import sys
import Adafruit_DHT as dht
import urllib2

ThingsURL = 'https://api.thingspeak.com/update?api_key=%s' % myAPI 

def DHT22_data():
	humidity, temperature = dht.read_retry(dht.DHT22, 23) 
	return humi, temp

humidity, temp = DHT22_data()
if isinstance(humidity, float) and isinstance(temp, float):
	humi = '%.2f' % humidity 					   
	temp = '%.2f' % temp
	coms = urllib2.urlopen(ThingsURL + '&field1=%s&field2=%s' % (temp, humi))
	print coms.read()
	print 'Error'

Code Explanation

  • import sys, import Adafruit_DHT as dht, import urllib2: Importing python modules for our program blocks to work.
  • 'https://api.thingspeak.com/update?api_key=%s' % myAPI: This is the first part of the URL that we need to post the data. The URL format will be discussed in detail under the section about sending sensor data to ThingSpeak.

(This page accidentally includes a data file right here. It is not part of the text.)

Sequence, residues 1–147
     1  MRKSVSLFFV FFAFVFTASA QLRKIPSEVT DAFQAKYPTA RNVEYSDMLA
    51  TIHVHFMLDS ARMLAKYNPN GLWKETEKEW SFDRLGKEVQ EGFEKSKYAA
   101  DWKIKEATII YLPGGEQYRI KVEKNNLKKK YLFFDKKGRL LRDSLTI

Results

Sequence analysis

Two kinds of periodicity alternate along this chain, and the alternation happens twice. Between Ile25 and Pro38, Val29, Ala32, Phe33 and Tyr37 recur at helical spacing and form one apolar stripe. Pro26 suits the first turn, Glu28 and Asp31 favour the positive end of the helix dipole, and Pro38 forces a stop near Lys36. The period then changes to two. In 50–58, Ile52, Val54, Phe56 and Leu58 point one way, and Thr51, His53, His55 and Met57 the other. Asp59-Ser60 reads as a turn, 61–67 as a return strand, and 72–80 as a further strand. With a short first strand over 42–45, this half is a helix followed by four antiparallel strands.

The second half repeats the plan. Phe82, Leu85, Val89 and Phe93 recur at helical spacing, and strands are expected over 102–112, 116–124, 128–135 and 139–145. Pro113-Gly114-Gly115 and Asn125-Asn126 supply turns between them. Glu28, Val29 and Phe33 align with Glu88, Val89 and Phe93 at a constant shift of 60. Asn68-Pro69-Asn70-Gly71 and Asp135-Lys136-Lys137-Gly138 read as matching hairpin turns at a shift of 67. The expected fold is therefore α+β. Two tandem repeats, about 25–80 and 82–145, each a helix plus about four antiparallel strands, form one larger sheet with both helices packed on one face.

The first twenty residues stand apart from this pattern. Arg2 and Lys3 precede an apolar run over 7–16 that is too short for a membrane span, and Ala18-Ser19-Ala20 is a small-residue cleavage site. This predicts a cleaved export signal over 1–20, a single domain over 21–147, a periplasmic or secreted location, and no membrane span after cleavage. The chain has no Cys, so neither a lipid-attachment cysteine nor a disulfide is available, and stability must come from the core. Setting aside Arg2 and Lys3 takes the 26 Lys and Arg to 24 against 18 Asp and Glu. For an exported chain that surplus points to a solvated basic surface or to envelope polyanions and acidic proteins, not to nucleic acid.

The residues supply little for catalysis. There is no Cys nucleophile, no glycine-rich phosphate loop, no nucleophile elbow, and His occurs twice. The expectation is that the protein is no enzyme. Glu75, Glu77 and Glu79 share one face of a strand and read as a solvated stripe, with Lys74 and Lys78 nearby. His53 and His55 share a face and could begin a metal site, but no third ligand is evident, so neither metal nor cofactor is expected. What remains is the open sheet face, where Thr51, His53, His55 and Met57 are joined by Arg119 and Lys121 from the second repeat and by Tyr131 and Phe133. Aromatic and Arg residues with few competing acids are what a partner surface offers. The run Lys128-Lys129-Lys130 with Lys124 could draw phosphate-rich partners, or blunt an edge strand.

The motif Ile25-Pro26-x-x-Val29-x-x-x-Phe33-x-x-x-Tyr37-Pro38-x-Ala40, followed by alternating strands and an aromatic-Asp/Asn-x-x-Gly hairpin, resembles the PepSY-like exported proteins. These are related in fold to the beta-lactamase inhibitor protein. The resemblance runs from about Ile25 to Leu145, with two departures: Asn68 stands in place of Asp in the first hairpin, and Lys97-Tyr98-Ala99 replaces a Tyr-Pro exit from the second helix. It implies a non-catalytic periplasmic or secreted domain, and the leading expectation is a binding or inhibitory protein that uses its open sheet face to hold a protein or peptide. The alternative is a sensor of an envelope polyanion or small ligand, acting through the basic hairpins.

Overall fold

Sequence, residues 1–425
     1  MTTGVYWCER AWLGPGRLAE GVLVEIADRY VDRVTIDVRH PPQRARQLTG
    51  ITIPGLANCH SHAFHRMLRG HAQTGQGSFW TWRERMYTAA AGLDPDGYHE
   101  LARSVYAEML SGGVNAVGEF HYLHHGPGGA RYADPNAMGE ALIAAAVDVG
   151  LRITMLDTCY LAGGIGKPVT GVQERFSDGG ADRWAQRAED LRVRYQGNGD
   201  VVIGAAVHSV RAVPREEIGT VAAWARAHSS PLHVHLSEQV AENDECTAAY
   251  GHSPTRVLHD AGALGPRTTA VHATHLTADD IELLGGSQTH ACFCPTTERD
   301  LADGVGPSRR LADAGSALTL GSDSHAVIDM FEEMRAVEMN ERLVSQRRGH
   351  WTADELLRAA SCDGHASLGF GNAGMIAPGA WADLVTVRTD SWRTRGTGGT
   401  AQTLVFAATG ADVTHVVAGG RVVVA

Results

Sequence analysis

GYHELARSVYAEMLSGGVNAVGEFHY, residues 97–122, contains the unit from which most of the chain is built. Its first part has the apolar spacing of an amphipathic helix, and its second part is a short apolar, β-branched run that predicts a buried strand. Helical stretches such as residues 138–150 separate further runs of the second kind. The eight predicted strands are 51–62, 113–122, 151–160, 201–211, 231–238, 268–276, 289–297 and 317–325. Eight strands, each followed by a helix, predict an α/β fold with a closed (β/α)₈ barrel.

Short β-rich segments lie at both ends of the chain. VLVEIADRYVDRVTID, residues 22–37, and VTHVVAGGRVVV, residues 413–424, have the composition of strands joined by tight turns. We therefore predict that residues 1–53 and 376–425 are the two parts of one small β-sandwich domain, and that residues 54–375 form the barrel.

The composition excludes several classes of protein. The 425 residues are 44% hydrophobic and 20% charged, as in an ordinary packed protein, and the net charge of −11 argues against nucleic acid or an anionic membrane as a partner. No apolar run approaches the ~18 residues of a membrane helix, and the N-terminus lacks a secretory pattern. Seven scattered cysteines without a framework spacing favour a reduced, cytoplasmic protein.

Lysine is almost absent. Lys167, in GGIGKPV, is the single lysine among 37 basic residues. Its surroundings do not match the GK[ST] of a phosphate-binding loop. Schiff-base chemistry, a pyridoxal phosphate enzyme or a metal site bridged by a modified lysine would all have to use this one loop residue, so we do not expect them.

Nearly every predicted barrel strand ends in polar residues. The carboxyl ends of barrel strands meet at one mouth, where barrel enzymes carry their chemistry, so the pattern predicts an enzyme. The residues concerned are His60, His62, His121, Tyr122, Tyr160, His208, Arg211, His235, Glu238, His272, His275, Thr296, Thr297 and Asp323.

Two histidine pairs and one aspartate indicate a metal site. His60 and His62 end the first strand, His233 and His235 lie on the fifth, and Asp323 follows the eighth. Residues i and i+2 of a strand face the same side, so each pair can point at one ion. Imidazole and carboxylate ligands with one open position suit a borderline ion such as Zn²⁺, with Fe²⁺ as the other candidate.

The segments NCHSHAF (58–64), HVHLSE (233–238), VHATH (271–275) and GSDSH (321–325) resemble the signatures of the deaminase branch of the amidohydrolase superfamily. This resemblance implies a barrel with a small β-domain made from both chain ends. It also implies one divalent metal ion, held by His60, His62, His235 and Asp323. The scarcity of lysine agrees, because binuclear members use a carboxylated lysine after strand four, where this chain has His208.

• def DHT22_data(): Our function to read the sensor data and compute the temperature and humidity values.
  • coms = urllib2.urlopen(ThingsURL + '&field1=%s&field2=%s' % (temp, humi)): The second part of the URL, which includes the field name and the respective sensor values.

Connecting to ThingSpeak Over WiFi

The second method we will demonstrate uses the ESP8622 WiFi module. But before we start writing code to connect our Raspberry Pi to ThingSpeak via the ESP8622 module, it is always a best practice to test the system at the unit level. For the Raspberry Pi, we need to make sure that the UART port is able to transmit and receive the data. Then, for our ESP8266, we need to make sure that the module responds correctly to our AT commands. Finally, we need to test if the DHT22 sensor is measuring the parameters correctly. Once we pass this test, then we know we have done the heavy work, and we are good to go.